Why Dow Is Burning Plastic For Energy

Plastic doesn’t have to end up in landfills or the ocean. It can be converted into energy (it’s made of oil, after all). But do the risks outweigh the benefits?

discarded plastic bag


The U.S. has a dismal record at recycling used plastics: Scarcely 7% get a shot at a second life. But the plastics industry is starting to rally behind a new option for dealing with plastic waste: burning it for energy.

Dow Chemical–the country’s largest producer of polyethylene–this week announced a successful test project in which it burned 578 pounds of the filmy plastic scrap to generate energy. Dow was able to extract nearly all the energy embedded in the material, showing that used plastic can be used to create heat or electricity, according to Jeff Wooster, plastics sustainability leader for Dow’s North American Plastics business. It also demonstrated a feasible way of dealing with hard-to-recycle plastics, like the lightweight films used in packaging. “We were looking for a way to make use of the material so it doesn’t just end up in landfills,” explained Wooster.

It’s not surprising that plastics can be a source of heat or electricity; they are, after all, originally derived from natural gas or oil. Many types of plastic burn hotter than wood or coal, making them fantastic fodder for energy.

Still, incinerating plastics has long been controversial. Proponents of waste to energy technology say today’s plants are cleaner and safer than incinerators of the past. Arrays of scrubbers and filters capture dangerous chemicals–hydrochloric acid, sulfur dioxide, dioxins, furans and heavy metals–as well as small particulates. The plants are said to produce less dioxin than is released from home fireplaces and backyard barbecues.

But even those small amounts of dioxin worry environmentalists, who point out that the plants also produce a lot of residual ash. Critics also argue that waste-to-energy facilities are so expensive to build that they end up undercutting traditional recycling programs. The need to keep the plants going acts as an incentive to keep producing, rather than reducing waste, explains Brenda Platt, of the Institute for Local Self Reliance in Washington, D.C.: “You have to keep feeding the beast.” She calls the plants “wasted energy.”


In places short on landfill space, like Europe or Japan, such environmental concerns carry little weight. Waste-to-energy plants are a mainstay of garbage disposal in Europe, as well as an important source of heat or electricity. About 400 plants are scattered across the continent, and together they take care of about 30% of the plastics Europe diverts from landfill. Even famously environmental countries have embraced the strategy. The Netherlands, for instance, landfills only 3% of its trash, and burns 35% for energy.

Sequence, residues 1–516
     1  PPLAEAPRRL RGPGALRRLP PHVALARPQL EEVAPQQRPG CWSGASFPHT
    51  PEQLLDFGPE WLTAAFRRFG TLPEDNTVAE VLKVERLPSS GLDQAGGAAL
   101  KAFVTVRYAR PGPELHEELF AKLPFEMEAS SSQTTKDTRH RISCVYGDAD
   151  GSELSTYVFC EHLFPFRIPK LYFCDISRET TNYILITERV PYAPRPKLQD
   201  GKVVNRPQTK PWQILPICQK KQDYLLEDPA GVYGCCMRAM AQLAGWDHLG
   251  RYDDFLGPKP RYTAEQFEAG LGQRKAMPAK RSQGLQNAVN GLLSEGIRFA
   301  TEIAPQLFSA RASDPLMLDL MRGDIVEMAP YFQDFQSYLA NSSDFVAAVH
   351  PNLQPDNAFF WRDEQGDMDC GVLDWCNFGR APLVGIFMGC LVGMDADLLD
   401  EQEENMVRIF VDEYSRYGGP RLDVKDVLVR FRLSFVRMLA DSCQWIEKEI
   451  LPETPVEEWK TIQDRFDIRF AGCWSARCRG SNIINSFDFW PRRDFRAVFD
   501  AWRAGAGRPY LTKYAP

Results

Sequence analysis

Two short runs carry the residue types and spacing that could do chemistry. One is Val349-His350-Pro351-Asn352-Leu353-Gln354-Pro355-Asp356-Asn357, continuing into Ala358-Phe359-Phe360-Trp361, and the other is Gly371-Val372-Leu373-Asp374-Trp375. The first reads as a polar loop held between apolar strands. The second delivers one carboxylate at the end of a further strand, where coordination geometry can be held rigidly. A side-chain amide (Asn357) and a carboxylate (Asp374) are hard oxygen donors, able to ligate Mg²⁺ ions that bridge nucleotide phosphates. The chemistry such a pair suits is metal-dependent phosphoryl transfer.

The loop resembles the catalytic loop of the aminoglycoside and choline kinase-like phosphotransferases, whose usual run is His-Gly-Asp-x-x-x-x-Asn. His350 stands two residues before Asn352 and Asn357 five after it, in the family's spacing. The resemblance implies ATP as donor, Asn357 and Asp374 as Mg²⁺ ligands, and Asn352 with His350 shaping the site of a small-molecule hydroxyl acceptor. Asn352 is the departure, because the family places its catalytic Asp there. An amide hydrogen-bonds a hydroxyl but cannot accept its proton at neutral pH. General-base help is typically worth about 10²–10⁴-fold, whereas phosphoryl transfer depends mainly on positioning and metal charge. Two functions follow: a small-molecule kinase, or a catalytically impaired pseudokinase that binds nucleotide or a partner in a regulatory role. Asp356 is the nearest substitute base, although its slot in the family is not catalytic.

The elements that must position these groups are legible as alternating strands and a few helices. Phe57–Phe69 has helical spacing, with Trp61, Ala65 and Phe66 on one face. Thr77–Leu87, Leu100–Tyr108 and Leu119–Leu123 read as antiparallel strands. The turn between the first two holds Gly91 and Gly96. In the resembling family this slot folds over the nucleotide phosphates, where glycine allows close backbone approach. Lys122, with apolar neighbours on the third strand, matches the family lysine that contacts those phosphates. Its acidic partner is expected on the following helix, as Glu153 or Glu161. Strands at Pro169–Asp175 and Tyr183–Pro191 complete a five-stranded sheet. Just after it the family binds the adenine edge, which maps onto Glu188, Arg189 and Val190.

In the U.S., there are only 87 waste-to-energy facilities, most on the congested East Coast, and no new ones have been built since the mid-1990s. But Dow and other makers of raw plastics are hoping to bring an end to that informal moratorium, putting forth waste-to-energy as a solution to the eco-angst that has fueled calls for bans on plastic bags, take-out containers, and other packaging.

The American Chemistry Council has recently been touting the technology as both a renewable energy source and a form of recycling. (The European Union also counts it as recycling, which is one reason that countries like the Netherlands boast 90%-plus recycling rates.) To bolster its case, the ACC just released studies reporting that waste-to-energy plants in four communities were using significant amounts of unrecycled plastics, and that the programs complemented existing recycling efforts. Recapturing waste plastic would help to create a “reliable source of alternative energy from an abundant, no-cost feedstock” while diverting potentially valuable material from landfills, the ACC concluded.

Whether such arguments gain more traction in today’s political landscape remains to be seen. But stay tuned for a lively debate.

[Image by Flickr user Currybet]


Susan Freinkel is the author of Plastic: A Toxic Love Story and American Chestnut: The Life, Death and Rebirth of a Perfect Tree.
A San Francisco writer, her work has appeared in Discover, Smithsonian,
the New York Times, Reader’s Digest and other national publications.

About the author

Susan Freinkel is the author of Plastic: A Toxic Love Story and American Chestnut: The Life, Death and Rebirth of a Perfect Tree. A San Francisco writer, her work has appeared in Discover, Smithsonian, the New York Times, Reader's Digest and other national publications.